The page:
However, the bookkeeper keeps making excuses when you ask to see the bank statements or monthly reconciliations. “The accountants have the records,” or “the accounting software crashed” — or they simply ignore your requests.

A vendor calls you one day to ask when you are going to pay for their services. When you contact the bookkeeper, they tell you it was an oversight, and they will send the payment out that day. However, the same vendor asks when that payment will be made weeks later — and the bookkeeper is no longer responding to your emails.

You decide to take matters into your own hands and have your bank send your bank statements to you. When they arrive, you find out that your business account is in overdraft — and you have outstanding lines of credit and loans in excess of $200,000. Overall, more than $400,000 has been stolen from your business over the past two years. Your bookkeeper has disappeared, and it is unlikely that you will be able to recover the funds.

What happens after a financial crime occurs?

Forensic accountants and law enforcement respond to scenarios such as the one described above on a weekly if not daily basis. Victims of financial crime suffer significant psychological and physical stress that may impact their own health, as well as the health of their family members and employees. Financial crimes are committed by people in a position of trust — and that betrayal weighs heavily on the victims.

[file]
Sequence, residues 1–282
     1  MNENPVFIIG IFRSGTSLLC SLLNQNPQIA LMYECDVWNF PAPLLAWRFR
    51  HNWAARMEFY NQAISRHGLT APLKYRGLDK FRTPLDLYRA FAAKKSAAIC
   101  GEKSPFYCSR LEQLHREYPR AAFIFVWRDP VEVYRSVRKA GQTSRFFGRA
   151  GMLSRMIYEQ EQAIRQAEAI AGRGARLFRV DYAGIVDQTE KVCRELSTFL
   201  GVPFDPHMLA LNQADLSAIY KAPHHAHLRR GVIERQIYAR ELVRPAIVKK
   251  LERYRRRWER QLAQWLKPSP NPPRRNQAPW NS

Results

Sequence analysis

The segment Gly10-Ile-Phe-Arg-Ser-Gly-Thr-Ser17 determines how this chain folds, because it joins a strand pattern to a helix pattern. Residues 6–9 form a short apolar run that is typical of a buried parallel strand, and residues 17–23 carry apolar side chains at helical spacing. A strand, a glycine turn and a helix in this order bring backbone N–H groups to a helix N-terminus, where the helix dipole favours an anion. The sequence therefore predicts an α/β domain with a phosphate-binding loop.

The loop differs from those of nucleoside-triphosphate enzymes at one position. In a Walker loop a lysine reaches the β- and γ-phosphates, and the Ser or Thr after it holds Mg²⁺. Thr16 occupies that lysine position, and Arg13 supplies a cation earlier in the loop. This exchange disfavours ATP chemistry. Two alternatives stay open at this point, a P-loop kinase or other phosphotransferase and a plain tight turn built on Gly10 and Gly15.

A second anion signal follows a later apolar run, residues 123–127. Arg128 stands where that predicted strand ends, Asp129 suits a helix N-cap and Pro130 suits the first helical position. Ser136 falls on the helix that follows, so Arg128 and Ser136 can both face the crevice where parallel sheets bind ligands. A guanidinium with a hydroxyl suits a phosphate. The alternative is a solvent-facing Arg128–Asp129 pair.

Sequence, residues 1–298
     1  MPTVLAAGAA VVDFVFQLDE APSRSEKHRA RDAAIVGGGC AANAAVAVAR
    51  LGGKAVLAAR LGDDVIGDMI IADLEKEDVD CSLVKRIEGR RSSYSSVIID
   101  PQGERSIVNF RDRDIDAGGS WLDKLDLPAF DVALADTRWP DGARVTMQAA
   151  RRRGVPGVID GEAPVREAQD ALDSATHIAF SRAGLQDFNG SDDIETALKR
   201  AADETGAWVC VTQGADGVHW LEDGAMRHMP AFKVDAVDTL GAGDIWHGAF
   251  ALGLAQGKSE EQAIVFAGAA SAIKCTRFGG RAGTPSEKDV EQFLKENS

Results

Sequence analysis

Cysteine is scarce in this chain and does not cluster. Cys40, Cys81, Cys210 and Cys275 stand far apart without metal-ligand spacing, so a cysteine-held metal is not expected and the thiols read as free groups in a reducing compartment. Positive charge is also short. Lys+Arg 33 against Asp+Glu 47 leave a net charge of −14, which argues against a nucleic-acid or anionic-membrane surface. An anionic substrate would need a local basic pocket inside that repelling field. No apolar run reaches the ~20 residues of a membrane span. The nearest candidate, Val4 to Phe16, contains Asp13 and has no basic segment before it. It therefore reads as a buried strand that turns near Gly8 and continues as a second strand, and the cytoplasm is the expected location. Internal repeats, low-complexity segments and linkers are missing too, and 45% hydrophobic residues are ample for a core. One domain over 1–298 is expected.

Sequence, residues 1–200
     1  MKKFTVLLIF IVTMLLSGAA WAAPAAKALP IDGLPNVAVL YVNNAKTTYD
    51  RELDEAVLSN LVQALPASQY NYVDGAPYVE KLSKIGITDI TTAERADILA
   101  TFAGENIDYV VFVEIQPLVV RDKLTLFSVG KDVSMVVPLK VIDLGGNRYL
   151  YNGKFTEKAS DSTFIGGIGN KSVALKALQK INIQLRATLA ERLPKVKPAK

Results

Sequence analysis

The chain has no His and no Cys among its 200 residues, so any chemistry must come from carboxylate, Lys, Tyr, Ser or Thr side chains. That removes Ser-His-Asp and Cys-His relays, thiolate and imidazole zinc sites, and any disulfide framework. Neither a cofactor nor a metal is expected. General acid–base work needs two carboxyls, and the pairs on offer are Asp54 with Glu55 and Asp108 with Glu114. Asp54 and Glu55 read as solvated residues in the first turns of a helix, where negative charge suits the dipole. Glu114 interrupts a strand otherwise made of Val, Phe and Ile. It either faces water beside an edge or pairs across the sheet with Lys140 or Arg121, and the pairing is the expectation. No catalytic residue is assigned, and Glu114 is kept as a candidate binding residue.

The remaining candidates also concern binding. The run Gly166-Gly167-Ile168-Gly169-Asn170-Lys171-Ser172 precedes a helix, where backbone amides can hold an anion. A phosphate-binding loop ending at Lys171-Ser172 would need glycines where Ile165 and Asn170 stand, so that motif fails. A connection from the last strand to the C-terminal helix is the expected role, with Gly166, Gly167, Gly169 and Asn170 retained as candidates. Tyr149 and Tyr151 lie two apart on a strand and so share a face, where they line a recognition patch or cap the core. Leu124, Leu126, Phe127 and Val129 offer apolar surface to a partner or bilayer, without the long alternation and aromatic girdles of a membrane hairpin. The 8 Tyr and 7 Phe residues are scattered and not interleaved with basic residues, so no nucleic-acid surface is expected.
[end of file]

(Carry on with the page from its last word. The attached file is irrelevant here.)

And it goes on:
Financial crime has a significant impact on your:

  1. Business — Businesses victimized by crime are at a high risk of bankruptcy. The stress and depression of trying to recoup your life after experiencing financial crime can be devastating.
  2. Personal health — Victims of financial fraud often suffer from depression, anxiety, and general health issues as they try to rescue their business and personal life. Several studies indicate that personal debt poses a significant risk to both physical and mental health.
  3. Reputation — An employee’s fraudulent actions can make your clients concerned about their personal data, the health of your business, and its long-term viability. Businesses that are already suffering from the financial losses of crime may be further victimized through losing the trust of the community.